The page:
Freed from EU law, a post-Brexit Government would have pretty much a complete legal freedom to remove whatever rights it wanted and, unencumbered by EU principles on effective remedies, to put in place whatever other obstacles to or limits on claims it wished. The more difficult question is which rights or remedies are factually vulnerable in the event of Brexit, as lively debates on Twitter attest. None of the rights is in the sights of the Labour Party: on the contrary, a central theme in its resistance to Brexit is a fear of a ‘bonfire’ of workers’ rights. Some of the targets of a future Conservative administration, no doubt dominated by a reinvigorated Right of the party, can be gleaned from existing policy documents and public statements. Capping damages for discrimination, already signalled by the last Government as a desirable reform in consultation documents were it not for EU law, is an obvious target, in keeping with other interventions of the same Government to limit employer’s potential or perceived liabilities, including the removal of civil liability for breach of health and safety regulations (reversing a rule dating back to the 19th Century) and the 12-month salary cap on unfair dismissal compensatory awards. The neo-liberal ideology remains as influential as ever, illustrated by the recent report of Policy Exchange, the unacknowledged driving force behind the Trade Union Act 2016.
Recent declarations by Michael Gove on the Today programme and Boris Johnson in a speech for the leave campaign that EU regulations cost £600 million a week were based on a report issued by the Open Europe think-tank. High on the Open Europe ‘top 100’ hit list were those perennial subjects of right-wing vitriol, working time rules (said to cost the UK more than £4 billion a year – with an annual benefit of zero) and the agency worker regulations (annual cost estimated at about £500 million a year: what is it about agency workers that the Conservatives hate so much?). Other targets were parental and maternity leave regulations (a snitch at £60 million a year), changes to harassment flowing from EU law (£180 million), along with various health and safety regulations (e.g. control of asbestos regulations costing £23 million a year, with an estimated benefit of….zero). The assumptions behind this cost-benefit analysis are unclear, but the fundamental point is obvious: rules protecting workers cost business money. A similar group, Economists for Britain, identified removing gender equality and working time rights, along with changes to health and safety rules, as some of the main benefits of Brexit.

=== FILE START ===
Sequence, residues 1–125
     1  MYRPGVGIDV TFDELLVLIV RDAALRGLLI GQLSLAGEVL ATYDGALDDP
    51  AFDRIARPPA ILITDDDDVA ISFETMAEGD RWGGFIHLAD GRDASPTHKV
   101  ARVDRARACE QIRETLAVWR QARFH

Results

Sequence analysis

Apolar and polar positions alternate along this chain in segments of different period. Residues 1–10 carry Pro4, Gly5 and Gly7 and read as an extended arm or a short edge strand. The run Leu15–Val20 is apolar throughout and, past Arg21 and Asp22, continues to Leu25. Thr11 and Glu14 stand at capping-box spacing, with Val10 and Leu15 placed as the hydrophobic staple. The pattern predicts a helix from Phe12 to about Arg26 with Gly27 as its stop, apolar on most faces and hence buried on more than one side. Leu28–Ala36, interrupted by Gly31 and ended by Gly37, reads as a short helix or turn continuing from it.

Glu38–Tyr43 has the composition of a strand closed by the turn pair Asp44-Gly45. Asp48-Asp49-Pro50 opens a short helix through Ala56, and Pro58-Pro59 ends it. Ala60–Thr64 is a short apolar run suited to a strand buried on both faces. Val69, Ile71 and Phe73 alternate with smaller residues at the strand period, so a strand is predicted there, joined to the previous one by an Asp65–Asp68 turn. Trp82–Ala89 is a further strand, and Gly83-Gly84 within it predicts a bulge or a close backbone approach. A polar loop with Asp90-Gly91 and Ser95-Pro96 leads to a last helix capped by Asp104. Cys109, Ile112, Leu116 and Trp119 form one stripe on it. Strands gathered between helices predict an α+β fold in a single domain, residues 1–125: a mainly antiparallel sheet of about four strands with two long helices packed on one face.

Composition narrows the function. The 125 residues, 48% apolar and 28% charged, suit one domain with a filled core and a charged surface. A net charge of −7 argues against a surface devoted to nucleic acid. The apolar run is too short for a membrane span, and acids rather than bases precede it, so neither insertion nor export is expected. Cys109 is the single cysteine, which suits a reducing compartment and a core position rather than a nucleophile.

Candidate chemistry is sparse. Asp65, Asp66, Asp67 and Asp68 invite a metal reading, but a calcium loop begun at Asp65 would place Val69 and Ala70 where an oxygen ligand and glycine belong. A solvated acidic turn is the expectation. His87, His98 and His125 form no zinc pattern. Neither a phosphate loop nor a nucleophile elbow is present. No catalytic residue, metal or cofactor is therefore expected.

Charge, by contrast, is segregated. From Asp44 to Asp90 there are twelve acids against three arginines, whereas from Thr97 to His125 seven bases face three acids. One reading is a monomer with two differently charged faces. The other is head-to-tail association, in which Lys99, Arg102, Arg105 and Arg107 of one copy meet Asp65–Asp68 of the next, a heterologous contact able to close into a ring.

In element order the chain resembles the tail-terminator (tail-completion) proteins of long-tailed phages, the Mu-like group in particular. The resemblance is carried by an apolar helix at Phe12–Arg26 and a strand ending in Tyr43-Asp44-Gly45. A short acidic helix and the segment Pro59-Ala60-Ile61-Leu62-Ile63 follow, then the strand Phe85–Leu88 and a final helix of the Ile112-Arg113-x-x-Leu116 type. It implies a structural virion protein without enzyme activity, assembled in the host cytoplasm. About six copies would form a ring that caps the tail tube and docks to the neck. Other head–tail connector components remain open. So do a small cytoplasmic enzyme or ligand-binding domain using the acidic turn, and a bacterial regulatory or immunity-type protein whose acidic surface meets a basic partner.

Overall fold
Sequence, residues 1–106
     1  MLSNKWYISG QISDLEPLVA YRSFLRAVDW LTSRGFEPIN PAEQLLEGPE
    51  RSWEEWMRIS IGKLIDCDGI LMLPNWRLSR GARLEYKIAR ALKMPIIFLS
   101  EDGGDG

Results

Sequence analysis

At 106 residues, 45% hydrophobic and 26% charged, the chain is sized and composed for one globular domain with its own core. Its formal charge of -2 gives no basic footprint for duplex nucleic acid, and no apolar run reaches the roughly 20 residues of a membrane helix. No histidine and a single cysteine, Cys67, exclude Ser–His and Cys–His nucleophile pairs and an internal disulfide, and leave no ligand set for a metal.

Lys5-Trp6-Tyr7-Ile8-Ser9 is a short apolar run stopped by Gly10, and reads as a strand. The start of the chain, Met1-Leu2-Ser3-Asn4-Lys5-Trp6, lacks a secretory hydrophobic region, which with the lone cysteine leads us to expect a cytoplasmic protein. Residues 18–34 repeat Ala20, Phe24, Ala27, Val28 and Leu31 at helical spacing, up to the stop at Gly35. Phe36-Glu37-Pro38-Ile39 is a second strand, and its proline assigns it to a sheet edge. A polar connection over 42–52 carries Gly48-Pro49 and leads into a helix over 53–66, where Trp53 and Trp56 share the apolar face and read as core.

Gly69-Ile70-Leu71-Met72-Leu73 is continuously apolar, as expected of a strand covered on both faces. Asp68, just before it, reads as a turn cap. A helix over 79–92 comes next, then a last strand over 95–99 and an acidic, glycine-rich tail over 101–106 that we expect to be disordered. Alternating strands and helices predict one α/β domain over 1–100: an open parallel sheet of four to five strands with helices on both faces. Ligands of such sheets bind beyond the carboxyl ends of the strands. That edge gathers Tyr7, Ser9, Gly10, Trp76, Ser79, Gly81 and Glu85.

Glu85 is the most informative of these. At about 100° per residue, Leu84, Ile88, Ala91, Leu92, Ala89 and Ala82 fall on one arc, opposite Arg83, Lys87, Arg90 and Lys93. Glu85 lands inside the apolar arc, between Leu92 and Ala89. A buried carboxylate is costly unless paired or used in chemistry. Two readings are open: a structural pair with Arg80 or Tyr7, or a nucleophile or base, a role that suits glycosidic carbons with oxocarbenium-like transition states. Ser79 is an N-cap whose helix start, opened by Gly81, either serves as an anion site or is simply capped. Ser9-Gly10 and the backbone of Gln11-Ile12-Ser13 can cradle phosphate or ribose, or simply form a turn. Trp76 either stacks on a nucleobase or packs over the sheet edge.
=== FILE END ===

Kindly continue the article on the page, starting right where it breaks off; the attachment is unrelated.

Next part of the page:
Meanwhile other similar proposals are bobbing around in the Right of the party. The Tory MP, Christopher Chope, recently introduced a Bill in Parliament which would, in essence, remove working time rights from any employee who ‘agreed’ to it (adding, for the avoidance of doubt, that there should be no rights to annual leave or pay in respect of it). The PM’s former advisor, Steve Hilton, recently complained to the Daily Mail about the constraints of the EU on employment laws, and readers with good memories will remember his proposal to remove maternity rights. In a speech to the Institute of Directors, Priti Patel, the Minister who recently compared Brexiteers to the suffragettes, said that leaving the EU and halving the burden of EU social and employment law could save £4.3 billion a year.
The logic of the Brexiteers’ position is that labour market deregulation is one of the principal benefits of leaving the EU. Take away EU rules on effective remedies and sanctions, and the sky (or floor) is the limit. The UK, which currently has the third most lightly regulated labour market among developed countries according to the OECD, could soon be in the gold medal position if the Brexiteers get into power.
Professor Michael Ford QC joined the Bristol Law School in 2015 and specialises in labour law, human rights and public law. This article was originally posted on the University of Bristol Law School blog.
The views expressed here are personal views and do not reflect the views of the funders of our research or of PolicyBristol.